Take garden fences. Perhaps there is merit in the abundance of fences in some cities, given the possibility of vandalism and crime. Doesn’t New York, too, have fences around parks and playgrounds? But does even a traffic island need a fence? Why not just pave it, plant a few trees and place a couple of benches (even the controversial ones that let you only perch, not sit)? That way, no one loses sleep over the fate of the exotic foliage planted to flatter a sponsor’s (or marketing manager’s) ego, rather than respecting pedestrians’ need for rest. This is important particularly in India, where the invisible and disempowered majority still relies on walking as a mode of transport.

Nature, found or planted

The pleasure of walking or being in a public space is often related to the pleasure of being in touch with nature. Many cities have great natural features: Mumbai has the sea (as does Chennai), a neglected river and a national park. Pune has the hills (sadly being cut into), Bangalore, the partly man-made lake system (fast being built over). These can be the greatest public experiences if we manage their edges well. Mumbai’s Marine Drive is an example, as are developments in Bandra.

Where natural features don’t exist, nature can be planted, as in Delhi’s or Bangalore’s gardens. As New York’s Central Park suggests, a more natural environment is anywhere preferable to a typical downtown one. Delhi’s Nehru Park, Lodhi Gardens and the like are much loved by those who can access them regularly. Maybe Hyderabad should reconsider what it can do by the Hussain Sagar (a man-made lake like Jodhpur’s Gulabsagar and Fatehsagar) to make it a more exciting destination?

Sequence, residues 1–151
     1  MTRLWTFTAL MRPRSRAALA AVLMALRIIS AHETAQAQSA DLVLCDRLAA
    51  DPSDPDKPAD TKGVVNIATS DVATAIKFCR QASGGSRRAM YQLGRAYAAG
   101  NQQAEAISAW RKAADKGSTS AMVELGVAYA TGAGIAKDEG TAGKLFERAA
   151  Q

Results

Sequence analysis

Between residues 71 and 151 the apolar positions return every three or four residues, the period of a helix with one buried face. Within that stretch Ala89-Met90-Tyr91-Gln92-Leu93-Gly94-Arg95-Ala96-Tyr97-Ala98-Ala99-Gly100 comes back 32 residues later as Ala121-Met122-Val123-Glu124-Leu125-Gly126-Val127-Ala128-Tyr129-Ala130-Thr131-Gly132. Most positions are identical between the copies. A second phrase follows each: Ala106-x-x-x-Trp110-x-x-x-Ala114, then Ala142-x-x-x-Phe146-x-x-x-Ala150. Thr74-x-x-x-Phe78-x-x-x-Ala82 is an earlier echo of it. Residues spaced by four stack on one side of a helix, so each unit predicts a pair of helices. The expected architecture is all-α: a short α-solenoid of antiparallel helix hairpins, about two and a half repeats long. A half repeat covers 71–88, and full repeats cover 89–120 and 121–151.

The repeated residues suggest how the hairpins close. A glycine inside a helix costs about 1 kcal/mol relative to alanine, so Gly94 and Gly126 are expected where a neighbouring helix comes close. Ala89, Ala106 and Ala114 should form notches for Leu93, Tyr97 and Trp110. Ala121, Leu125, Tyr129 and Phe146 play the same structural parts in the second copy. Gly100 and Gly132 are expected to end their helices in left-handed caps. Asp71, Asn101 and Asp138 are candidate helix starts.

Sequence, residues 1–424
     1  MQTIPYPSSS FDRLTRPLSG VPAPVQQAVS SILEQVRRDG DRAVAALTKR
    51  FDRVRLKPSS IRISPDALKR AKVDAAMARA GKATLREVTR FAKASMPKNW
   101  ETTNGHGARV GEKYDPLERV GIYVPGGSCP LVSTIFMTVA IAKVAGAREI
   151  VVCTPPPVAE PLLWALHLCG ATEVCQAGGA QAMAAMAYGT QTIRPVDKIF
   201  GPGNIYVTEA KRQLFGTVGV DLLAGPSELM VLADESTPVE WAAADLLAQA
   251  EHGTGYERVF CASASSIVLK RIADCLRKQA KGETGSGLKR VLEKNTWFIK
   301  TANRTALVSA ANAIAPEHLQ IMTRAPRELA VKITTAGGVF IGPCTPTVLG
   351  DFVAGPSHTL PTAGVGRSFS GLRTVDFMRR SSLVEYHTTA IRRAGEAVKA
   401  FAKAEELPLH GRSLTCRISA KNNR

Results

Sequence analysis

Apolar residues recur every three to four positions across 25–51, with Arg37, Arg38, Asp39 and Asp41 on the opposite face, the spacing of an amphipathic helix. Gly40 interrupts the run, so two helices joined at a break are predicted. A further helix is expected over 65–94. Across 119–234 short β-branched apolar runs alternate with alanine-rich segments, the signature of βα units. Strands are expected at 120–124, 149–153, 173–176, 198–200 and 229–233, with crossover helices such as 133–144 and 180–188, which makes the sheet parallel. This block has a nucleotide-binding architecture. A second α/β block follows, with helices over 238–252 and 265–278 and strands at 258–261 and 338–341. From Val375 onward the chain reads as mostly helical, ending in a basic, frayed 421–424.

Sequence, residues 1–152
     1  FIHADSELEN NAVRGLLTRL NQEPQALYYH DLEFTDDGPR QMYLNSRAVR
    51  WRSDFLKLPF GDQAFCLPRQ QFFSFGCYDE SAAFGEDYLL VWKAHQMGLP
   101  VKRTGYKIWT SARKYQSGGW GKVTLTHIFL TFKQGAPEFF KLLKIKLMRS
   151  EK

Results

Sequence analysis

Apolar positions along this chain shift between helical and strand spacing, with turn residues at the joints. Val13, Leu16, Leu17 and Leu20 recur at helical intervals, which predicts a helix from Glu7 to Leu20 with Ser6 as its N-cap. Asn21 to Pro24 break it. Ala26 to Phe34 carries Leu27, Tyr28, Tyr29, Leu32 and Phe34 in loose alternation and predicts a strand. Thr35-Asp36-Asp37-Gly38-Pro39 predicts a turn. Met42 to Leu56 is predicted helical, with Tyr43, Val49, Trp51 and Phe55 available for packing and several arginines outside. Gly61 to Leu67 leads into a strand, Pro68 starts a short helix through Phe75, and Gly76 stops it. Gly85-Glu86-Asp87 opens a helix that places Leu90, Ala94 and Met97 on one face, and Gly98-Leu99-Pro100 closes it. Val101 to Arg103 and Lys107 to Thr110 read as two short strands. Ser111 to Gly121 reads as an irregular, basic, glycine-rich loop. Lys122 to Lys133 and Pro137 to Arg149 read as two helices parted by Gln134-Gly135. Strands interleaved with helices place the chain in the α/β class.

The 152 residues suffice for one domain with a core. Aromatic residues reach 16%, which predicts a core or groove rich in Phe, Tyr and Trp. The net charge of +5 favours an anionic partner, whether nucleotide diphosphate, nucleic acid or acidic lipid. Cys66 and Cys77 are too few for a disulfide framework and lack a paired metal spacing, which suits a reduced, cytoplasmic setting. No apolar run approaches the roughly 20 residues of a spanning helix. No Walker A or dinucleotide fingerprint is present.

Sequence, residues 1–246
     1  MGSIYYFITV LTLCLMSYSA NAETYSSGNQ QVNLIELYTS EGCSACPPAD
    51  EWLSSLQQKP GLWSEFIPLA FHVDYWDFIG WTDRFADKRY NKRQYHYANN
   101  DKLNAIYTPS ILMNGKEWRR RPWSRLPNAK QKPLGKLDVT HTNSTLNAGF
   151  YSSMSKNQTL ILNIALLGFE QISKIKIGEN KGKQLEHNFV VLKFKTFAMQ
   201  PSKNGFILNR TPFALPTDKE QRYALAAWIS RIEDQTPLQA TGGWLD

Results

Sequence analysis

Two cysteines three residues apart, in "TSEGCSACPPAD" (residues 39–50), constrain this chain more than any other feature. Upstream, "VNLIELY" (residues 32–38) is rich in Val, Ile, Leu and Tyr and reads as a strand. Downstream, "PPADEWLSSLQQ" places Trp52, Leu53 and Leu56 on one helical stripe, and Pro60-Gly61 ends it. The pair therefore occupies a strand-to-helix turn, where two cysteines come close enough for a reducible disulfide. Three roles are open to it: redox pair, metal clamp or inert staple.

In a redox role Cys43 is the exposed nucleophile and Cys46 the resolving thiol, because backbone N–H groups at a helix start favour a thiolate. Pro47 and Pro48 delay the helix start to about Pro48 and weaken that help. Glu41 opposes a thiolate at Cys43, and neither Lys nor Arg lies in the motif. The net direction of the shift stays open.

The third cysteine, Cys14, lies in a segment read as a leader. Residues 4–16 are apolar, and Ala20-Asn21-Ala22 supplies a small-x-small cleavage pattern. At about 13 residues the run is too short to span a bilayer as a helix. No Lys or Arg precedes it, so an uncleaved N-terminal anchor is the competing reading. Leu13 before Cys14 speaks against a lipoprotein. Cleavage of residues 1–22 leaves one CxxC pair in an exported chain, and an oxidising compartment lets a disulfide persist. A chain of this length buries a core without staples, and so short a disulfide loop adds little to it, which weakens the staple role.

‘Open’ pleasures

Natural spaces are often left open in a more equitable, “just” manner than other public spaces (though more hospitable elements tend to be reserved for elite areas, unfortunately). Marine Drive in Mumbai is open to the public, as is Chennai’s Marina Beach. In the Mumbai suburb of Bandra, Carter Road (skirting the Arabian Sea) was turned into a public destination by local citizens with great difficulty.

Part of the reason why natural spaces are more likely to be open to access may simply be because of their scale. It is absurd even to think of fencing in Marine Drive.

Public by default

As it happens, some of the most vibrant spaces (that is, those most actively used by the public) in Mumbai, for instance, are near slums. Vacant lots, some reserved in the development plan for recreation or attached to places of worship, become the animated living room and playground of the community that surrounds it. They maintain it, upgrade it (with paving, lighting, occasionally a masonry performance stage)—and eventually, unfortunately, cover it for perfectly understandable reasons.

Public spaces compensate for the impossible conditions of private space in these communities—the way Parisian cafes in the 19th and early 20th centuries did for people too poor to afford good heating for their garrets and rooms. Café culture in Paris and other European cities may well owe much to the poverty of their original working-class patrons. Is there a huge socio-political opportunity that we are missing in our poverty-ridden cities by not attending as creatively to our own public spaces?

Original article here.